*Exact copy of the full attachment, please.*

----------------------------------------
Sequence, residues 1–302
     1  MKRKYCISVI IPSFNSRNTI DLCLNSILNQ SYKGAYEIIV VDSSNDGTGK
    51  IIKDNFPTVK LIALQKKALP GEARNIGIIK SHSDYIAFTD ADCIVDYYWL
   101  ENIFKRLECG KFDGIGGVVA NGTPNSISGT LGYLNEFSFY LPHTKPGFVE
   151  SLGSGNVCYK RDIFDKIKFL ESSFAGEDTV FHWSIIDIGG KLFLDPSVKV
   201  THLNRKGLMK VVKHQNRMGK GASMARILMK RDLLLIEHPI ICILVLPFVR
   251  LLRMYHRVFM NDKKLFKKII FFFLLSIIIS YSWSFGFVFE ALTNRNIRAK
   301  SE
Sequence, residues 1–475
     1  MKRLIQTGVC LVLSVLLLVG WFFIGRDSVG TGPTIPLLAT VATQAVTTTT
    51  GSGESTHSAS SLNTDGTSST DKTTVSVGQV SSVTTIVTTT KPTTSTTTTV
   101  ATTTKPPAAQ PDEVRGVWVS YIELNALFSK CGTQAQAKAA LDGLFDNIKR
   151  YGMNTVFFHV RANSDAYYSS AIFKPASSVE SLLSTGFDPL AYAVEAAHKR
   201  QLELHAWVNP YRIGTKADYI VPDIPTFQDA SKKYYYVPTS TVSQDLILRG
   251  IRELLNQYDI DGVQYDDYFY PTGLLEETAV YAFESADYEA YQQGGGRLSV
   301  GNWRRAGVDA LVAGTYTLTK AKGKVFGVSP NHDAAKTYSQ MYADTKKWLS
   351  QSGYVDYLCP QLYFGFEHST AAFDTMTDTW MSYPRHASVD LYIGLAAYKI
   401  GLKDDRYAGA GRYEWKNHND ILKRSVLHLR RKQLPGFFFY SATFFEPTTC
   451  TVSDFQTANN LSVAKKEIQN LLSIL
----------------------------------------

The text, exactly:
Sequence, residues 1–302
     1  MKRKYCISVI IPSFNSRNTI DLCLNSILNQ SYKGAYEIIV VDSSNDGTGK
    51  IIKDNFPTVK LIALQKKALP GEARNIGIIK SHSDYIAFTD ADCIVDYYWL
   101  ENIFKRLECG KFDGIGGVVA NGTPNSISGT LGYLNEFSFY LPHTKPGFVE
   151  SLGSGNVCYK RDIFDKIKFL ESSFAGEDTV FHWSIIDIGG KLFLDPSVKV
   201  THLNRKGLMK VVKHQNRMGK GASMARILMK RDLLLIEHPI ICILVLPFVR
   251  LLRMYHRVFM NDKKLFKKII FFFLLSIIIS YSWSFGFVFE ALTNRNIRAK
   301  SE
Sequence, residues 1–475
     1  MKRLIQTGVC LVLSVLLLVG WFFIGRDSVG TGPTIPLLAT VATQAVTTTT
    51  GSGESTHSAS SLNTDGTSST DKTTVSVGQV SSVTTIVTTT KPTTSTTTTV
   101  ATTTKPPAAQ PDEVRGVWVS YIELNALFSK CGTQAQAKAA LDGLFDNIKR
   151  YGMNTVFFHV RANSDAYYSS AIFKPASSVE SLLSTGFDPL AYAVEAAHKR
   201  QLELHAWVNP YRIGTKADYI VPDIPTFQDA SKKYYYVPTS TVSQDLILRG
   251  IRELLNQYDI DGVQYDDYFY PTGLLEETAV YAFESADYEA YQQGGGRLSV
   301  GNWRRAGVDA LVAGTYTLTK AKGKVFGVSP NHDAAKTYSQ MYADTKKWLS
   351  QSGYVDYLCP QLYFGFEHST AAFDTMTDTW MSYPRHASVD LYIGLAAYKI
   401  GLKDDRYAGA GRYEWKNHND ILKRSVLHLR RKQLPGFFFY SATFFEPTTC
   451  TVSDFQTANN LSVAKKEIQN LLSIL